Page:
Google has inked a deal to acquire 6-year-old Ireland-based firm Pointy for $163 million. Pointy provides a $900 box with built-in cellular connectivity, which lets brick-and-mortar retailers list their stock online. It plugs into the retailer's barcode scanner and automatically obtains accurate product names and images for display on a Web page hosted by Pointy. The box recognizes only standard UPC-type codes used by manufacturers. A free Pointy app is available for retailers who already have a compatible POS device.

It's Crunch Time for California Consumer Privacy Act Compliance
The CCPA -- widely considered to be the toughest law in the U.S. regulating the collection, storage and use of personal information -- went into effect on Jan. 1. Rather than preparing for it, however, many businesses have taken a wait-and-see approach. This could be a serious mistake. The new law is similar in many respects to the EU's GDPR, which went into effect last spring. Like the GDPR, the CCPA is expected to have a profound impact on the way businesses collect and protect personally identifiable information from consumers.

Adobe Offers Experience Manager as Cloud Service
Adobe has announced the availability of Adobe Experience Manager as a Cloud Service for B2B and B2C companies of all sizes. The service provides "a globally scalable, agile and secure digital foundation that optimizes marketer and developer workflows across the entire content lifecycle, and connects to data insights to deliver personalized experiences across the customer journey," said Haresh Kumar, director of product marketing for Adobe Experience Manager. "It allows companies to be far more nimble and scale at any point."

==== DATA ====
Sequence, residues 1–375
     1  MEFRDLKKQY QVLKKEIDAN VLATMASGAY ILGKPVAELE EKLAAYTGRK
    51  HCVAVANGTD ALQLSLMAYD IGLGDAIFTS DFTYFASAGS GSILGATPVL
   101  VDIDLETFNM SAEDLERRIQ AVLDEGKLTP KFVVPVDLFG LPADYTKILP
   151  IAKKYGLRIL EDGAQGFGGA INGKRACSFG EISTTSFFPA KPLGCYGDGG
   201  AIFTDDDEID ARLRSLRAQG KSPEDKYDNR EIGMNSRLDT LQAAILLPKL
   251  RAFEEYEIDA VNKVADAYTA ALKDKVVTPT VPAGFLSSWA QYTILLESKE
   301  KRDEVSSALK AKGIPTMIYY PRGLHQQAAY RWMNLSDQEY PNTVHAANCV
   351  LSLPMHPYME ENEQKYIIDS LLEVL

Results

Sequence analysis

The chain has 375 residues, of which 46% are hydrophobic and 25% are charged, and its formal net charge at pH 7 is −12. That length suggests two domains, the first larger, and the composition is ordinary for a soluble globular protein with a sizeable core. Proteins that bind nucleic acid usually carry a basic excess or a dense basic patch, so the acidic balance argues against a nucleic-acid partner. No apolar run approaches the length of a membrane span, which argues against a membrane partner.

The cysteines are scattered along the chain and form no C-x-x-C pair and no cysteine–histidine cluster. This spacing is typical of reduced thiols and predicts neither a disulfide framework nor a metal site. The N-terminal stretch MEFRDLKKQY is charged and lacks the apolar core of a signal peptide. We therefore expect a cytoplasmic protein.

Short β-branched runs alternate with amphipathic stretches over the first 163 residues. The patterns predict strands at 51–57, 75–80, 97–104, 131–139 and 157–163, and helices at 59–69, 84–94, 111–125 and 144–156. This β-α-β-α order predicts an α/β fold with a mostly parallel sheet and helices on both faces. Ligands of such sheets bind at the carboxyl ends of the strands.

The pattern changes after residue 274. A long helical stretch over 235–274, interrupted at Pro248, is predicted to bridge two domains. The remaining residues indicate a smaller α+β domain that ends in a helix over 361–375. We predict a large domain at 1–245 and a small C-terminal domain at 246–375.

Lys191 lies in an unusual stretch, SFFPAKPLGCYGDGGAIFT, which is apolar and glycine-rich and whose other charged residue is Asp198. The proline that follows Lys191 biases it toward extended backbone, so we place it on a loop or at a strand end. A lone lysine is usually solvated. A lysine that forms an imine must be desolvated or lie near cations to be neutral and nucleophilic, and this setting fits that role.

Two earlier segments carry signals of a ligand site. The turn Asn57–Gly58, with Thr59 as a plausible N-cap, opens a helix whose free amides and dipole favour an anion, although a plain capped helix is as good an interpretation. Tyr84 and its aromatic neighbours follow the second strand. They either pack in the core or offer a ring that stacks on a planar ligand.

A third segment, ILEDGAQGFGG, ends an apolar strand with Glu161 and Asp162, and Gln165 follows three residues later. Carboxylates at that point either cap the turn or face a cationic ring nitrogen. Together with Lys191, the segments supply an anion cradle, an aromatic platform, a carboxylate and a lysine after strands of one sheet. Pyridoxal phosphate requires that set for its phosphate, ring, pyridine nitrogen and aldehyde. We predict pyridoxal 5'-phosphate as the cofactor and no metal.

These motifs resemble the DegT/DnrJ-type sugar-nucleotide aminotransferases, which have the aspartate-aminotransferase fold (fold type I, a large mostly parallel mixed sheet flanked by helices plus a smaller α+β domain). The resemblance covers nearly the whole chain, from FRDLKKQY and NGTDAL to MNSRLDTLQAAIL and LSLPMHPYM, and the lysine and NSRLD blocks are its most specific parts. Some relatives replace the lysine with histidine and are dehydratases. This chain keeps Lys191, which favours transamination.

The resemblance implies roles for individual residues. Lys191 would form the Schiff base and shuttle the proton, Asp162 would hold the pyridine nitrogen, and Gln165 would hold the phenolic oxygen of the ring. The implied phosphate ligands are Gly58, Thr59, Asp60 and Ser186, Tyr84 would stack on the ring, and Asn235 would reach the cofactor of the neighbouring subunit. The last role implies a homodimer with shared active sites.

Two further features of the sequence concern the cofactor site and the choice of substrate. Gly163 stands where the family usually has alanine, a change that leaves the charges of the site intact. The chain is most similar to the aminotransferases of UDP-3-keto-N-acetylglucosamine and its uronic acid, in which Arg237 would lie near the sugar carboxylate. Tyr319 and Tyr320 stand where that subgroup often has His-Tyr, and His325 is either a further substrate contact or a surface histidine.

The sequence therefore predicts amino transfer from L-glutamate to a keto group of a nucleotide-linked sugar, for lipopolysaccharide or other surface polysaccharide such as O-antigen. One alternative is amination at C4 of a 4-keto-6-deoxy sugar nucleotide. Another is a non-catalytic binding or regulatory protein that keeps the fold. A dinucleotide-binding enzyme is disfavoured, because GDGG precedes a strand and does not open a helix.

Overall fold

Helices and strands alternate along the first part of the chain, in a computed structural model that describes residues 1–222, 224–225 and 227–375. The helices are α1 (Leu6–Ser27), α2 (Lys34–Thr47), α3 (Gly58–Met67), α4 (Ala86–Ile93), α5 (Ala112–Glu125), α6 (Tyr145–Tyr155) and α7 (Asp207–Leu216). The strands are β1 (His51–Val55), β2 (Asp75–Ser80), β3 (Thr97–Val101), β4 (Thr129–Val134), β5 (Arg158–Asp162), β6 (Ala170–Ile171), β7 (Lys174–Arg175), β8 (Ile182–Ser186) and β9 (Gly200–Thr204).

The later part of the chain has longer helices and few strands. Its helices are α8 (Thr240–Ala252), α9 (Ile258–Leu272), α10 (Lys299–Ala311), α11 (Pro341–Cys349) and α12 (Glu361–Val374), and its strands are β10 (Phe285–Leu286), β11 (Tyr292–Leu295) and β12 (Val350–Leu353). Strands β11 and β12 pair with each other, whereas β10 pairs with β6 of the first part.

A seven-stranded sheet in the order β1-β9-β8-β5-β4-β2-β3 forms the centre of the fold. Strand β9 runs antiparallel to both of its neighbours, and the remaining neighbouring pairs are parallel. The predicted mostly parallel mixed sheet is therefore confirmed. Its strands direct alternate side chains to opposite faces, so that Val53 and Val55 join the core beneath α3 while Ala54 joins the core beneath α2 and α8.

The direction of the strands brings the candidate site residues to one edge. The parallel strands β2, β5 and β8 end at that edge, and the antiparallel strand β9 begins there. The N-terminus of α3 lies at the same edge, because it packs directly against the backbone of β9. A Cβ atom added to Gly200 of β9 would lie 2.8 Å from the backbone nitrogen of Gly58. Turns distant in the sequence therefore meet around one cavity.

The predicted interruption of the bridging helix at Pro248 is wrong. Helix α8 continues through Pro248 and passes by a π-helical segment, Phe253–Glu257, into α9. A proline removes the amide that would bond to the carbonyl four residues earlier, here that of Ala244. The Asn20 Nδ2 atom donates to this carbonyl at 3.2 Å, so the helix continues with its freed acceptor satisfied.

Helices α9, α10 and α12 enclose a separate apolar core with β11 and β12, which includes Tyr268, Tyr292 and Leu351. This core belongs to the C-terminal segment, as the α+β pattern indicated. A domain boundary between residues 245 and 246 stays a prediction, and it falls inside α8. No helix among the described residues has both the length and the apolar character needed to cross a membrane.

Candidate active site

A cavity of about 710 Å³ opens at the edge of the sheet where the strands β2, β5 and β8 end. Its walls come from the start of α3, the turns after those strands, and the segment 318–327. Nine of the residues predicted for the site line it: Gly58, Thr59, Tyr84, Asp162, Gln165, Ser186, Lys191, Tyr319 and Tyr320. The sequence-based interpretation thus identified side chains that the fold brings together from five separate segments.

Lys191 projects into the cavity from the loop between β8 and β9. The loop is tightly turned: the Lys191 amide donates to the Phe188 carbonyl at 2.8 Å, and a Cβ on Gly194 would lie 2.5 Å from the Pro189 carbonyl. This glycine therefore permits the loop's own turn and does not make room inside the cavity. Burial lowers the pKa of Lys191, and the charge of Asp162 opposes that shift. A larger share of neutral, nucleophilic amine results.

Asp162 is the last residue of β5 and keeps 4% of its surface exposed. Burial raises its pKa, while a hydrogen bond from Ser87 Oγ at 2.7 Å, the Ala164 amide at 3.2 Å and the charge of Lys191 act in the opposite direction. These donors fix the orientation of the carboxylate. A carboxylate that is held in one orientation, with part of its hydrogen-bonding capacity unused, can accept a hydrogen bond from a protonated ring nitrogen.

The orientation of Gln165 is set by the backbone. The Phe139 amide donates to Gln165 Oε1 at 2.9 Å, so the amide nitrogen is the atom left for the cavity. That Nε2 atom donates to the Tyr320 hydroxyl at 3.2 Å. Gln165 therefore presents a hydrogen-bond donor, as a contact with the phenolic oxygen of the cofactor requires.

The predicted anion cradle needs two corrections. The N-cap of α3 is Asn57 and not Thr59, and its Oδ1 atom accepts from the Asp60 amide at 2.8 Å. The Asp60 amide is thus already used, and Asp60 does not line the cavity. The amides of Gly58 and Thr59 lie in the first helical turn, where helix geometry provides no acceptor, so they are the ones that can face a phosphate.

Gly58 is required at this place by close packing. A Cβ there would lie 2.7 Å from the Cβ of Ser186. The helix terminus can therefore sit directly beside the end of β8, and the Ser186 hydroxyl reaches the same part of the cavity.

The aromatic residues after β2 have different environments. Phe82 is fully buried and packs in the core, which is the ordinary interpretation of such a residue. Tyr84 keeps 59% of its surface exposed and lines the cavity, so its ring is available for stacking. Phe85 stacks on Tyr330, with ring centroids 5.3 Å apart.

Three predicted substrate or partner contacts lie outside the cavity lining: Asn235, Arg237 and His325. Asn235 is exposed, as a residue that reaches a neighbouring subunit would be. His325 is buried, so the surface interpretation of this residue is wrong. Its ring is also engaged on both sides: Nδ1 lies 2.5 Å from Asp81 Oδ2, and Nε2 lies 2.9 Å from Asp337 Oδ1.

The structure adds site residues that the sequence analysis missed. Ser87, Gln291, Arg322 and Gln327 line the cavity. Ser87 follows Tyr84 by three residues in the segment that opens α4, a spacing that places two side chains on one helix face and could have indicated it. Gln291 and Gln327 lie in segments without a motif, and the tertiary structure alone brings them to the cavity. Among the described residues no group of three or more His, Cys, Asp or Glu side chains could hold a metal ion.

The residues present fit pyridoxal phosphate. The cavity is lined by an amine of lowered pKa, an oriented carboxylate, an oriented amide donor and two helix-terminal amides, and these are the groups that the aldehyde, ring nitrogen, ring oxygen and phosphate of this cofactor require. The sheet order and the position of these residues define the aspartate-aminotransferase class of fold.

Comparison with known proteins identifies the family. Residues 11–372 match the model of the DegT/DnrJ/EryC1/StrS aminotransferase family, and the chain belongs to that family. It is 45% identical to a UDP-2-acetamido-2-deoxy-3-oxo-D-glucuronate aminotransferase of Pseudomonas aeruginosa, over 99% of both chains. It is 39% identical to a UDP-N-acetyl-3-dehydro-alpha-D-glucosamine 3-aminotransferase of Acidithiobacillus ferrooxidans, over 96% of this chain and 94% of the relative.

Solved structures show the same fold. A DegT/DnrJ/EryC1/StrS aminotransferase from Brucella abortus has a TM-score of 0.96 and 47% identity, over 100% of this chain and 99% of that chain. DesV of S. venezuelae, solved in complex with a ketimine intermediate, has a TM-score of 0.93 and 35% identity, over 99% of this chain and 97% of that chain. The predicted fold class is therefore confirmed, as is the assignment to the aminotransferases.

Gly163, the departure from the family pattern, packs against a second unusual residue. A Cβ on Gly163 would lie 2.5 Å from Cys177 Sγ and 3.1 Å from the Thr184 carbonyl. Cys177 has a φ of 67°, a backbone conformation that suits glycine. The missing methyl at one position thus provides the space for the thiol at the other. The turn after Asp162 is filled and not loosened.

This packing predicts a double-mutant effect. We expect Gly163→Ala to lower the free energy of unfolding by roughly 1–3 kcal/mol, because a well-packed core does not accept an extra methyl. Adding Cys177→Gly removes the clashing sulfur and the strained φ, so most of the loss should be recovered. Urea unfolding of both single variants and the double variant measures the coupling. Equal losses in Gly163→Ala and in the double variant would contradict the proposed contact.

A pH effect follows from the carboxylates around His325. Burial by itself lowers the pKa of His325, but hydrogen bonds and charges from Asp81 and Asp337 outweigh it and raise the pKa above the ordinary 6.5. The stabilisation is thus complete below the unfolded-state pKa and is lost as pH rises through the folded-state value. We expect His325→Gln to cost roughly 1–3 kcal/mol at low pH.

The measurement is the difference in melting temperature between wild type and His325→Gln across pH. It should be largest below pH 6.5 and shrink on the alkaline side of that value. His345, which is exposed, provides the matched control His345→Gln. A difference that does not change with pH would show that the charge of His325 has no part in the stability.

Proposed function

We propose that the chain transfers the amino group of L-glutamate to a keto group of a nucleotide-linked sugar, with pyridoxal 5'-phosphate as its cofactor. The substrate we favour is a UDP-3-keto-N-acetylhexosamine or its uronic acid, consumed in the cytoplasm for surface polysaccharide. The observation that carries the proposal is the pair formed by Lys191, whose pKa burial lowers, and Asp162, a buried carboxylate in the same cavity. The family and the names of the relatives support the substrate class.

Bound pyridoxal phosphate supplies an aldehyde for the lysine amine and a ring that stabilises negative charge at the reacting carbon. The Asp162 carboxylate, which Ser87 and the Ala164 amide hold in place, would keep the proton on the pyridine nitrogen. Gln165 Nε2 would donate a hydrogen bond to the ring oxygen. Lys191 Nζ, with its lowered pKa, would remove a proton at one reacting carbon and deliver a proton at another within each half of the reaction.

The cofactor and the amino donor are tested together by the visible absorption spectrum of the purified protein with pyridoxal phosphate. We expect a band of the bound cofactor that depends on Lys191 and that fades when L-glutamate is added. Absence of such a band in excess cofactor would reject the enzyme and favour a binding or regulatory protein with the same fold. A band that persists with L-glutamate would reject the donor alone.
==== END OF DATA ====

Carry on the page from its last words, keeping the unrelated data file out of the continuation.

What's in Your Containers? Try an Open Source Tool to Find Out
As most security pros know, application containers -- Docker, rkt, etc. -- and the orchestration elements employed to support them, such as Kubernetes, are used increasingly in many organizations. Often the security organization isn't exactly the first stop on the path to deployment of these tools. If it was in your shop, consider yourself one of the lucky ones. Instead, usage tends to emerge from the grass roots. It starts with developers using containers on their workstations to streamline unit testing and environmental configuration.

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PHOTOS: Fluorescent turtle embryo wins forty-fifth annual Nikon Small World Competition

PHOTOS: Fluorescent turtle embryo wins forty-fifth annual Nikon Small World CompetitionThe winners of the 45th annual competition showcase a spectacular blend of science and artistry under the microscope.



7 tax scams to watch out for this year

7 tax scams to watch out for this yearIn case wringing your hands over the tax man weren’t enough, criminals are out there trying to swipe your hard-earned cash and personal information from right under your nose.



What the CIA thinks of your anti-virus program

What the CIA thinks of your anti-virus programPARIS (AP) — Peppering the 8,000 pages of purported Central Intelligence Agency hacking data released Tuesday by WikiLeaks are reviews of some of the world's most popular anti-virus products.



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  News Show All 
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  Latest news Show All 
Will Google’s more-efficient ‘Reformer’ mitigate or accelerate the arms race in AI?